How do you find this wonderful lead actress to play Rosie?
Paddy Breathnach: Sarah’s known in Ireland as a theater actress and then she’s been in various TV productions and films. A lot of people think she’s fantastic, and she has a good reputation, but she hadn’t had a lead role in a film, and there was a sense that should happen. I auditioned widely, and her name was high on a list of people I had in mind, so I waited until I’d gone through a more broad audition process, and then brought her in and she was able to hit a line of strength and vulnerability, a tension between those two things that was very important for Rosie to have, so it was quite easy after that. She had some commitments [professionally] so we just had to wait for a good window to get her, but we did.
Was there anything you did to facilitate this family feel amongst the characters?
Paddy Breathnach: Yeah, in the rehearsal process, we did a bit of just playing games that let people trust each other a little bit, and begin to feel free in terms of talking in front of each other and being a bit silly as well. Then I talked to Moe and Sarah a lot about how they were important in terms of being a conduit for me [because] sometimes if I couldn’t be close, if I wasn’t in the car, they were present for me [working with the children]. In general, I have a thing about trying to break down the lines between when the camera is rolling and when it stops, so there’s [not a] sense that it’s a race and to let people find the moments within that slightly looser sense of performance and for me, more importantly, to recognize when that’s coming and capture it. It’s happening, it’s live, and I’m working around that thing and reacting to that thing, as opposed to saying this is a shot, and it’s exactly this, and those lines are said within this. It’s trying not to perfect in that way, or polish, but to get a general feeling of vitality.
Was the geography of Dublin was actually embedded in the script?
Roddy Doyle: I rarely stray too far from where I grew up, and [it may be] a coincidence, but virtually all the shots — the car, the housing stage — are all within walking distance of where I grew up and it added a certain emotion to the experience for me. I found it really reassuring — familiar territory, the accents, the characters, the way they speak, are all exactly as I would want them and as I would hear it. That’s what I loved about Sarah and Moe, is when they spoke. When they read the script, they saw the hesitations and the stresses, so it wasn’t just delivering a line. They were delivering the lines as if they’d lived those lines. And it’s the same then with the backdrop and what they see from the car, and what they step out into. I don’t think I named anywhere [specific] in the script [because] unless it’s absolutely vital, if you name a place you may well be robbing yourself and the makers of an opportunity to go look for somewhere else. Paddy could have quite easily have found suitable locations closer to where he actually lives, because a lot of the estates are the exact same. But for whatever reasons, he wanted to be as far as possible away from that spot.
Paddy Breathnach: Well, it’s funny there’s certain other areas that I could have chosen, but you begin to see the mountains and that takes you away from something. So there were certain things that maybe by osmosis that come through the script that I know it shouldn’t be there because it takes away from where you feel they might be.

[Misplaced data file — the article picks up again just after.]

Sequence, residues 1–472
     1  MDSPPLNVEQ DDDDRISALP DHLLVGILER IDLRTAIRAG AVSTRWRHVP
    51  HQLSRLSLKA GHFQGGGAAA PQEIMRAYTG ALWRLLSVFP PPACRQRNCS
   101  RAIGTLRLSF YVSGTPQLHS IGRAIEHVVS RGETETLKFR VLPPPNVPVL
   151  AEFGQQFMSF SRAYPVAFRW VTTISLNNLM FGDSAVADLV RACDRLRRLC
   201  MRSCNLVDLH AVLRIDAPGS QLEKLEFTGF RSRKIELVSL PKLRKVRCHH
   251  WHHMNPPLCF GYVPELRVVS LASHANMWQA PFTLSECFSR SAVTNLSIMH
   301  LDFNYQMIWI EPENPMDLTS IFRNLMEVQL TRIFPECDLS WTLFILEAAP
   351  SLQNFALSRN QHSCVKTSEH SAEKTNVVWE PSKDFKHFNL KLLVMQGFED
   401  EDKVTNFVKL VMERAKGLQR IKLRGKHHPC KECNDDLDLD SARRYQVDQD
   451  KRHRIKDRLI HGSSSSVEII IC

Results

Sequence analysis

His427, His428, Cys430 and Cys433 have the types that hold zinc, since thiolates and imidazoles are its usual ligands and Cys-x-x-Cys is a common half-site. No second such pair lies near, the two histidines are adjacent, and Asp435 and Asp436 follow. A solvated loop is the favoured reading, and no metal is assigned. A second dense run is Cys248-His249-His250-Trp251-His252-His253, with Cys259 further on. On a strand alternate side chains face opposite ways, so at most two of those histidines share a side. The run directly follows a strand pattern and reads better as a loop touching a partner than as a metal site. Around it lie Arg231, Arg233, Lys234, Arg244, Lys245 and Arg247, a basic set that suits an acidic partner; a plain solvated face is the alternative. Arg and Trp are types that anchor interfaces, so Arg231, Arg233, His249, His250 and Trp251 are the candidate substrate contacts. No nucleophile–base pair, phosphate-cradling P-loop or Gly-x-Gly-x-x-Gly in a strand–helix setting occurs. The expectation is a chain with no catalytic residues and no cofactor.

Roddy Doyle: The kids’ school, for example, you come out of the school, turn left, walk a hundred yards, you come to the railway tracks, cross the tracks, walk another hundred yards, and you’re at the school that I used to teach in. It’s that close.
Paddy Breathnach: People would ask us what we were doing when we were filming, and I’d say, “Oh, we’re making a film.” And they’d [ask], “What is it?” and I’d say it’s a script by Roddy Doyle, and it was if you had contacted or come in contact with Roddy’s third or fourth cousin. They held that he was a voice that had represented their world in a way that they felt had a truth and really a pride in that, so the world we were in was connected to Roddy.
It must be a challenge to shoot so many scenes with such a big family inside a van. What was it like to cover that?
Paddy Breathnach: I was talking to the [cinematographer] last night, and he was reminding me that there was a period he was making a film in L.A. and I was sending him e-mails about the dimensions, like an Excel spreadsheet, of all those types of cars because in reality, if you have a camera and a lens on the front, that means so much of the space is taken up. A lot of process goes into what car they’d be in, boring stuff like the height of the car and the width, and [you have to] measure it because you don’t want it to feel too big and you need to know where can we be with a certain lens. It needs the compression for the story, but for practical reasons you need it to have a certain amount of space. So there was a lot of discussion went into that. But I very much wanted it to be immediately present and feel that the camera is a witness in the car. I made the decision that we needed to be in with them all the time and sometimes I was lying on my back — I’d lie underneath the kids’ feet with my monitor, and that’s the only place I could get into the car. If I wasn’t there, there was no space for me. I’m giving instructions looking up at the kids like that, but it was good.
There was another thing where sometimes I’d be in the back of the hatchback, and we had the faux shelf with the [family’s] bags on top, and I’d be lying with my back to the back door of the car with my legs outstretched and my monitor. Beside me would be the focus puller with his monitor, and the sound guy would be there, so the three of us would be there with our [equipment] and they’d open the door, and the [gear] would fall out. So the filmmaking process makes monkeys of us all.
Roddy Doyle: It’s actually lovely to hear that because when you’re writing a script, you never pay any attention to that, the misery. I think I insisted, whatever director we get, make it a relatively tall man, so his life would be hell. [laughs]